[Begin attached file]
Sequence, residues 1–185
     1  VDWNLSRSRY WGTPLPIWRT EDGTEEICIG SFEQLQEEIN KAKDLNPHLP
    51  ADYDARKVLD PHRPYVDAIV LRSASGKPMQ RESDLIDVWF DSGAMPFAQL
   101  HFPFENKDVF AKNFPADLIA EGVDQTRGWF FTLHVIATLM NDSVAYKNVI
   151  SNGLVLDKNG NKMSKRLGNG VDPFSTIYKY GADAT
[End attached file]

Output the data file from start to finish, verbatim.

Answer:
Sequence, residues 1–185
     1  VDWNLSRSRY WGTPLPIWRT EDGTEEICIG SFEQLQEEIN KAKDLNPHLP
    51  ADYDARKVLD PHRPYVDAIV LRSASGKPMQ RESDLIDVWF DSGAMPFAQL
   101  HFPFENKDVF AKNFPADLIA EGVDQTRGWF FTLHVIATLM NDSVAYKNVI
   151  SNGLVLDKNG NKMSKRLGNG VDPFSTIYKY GADAT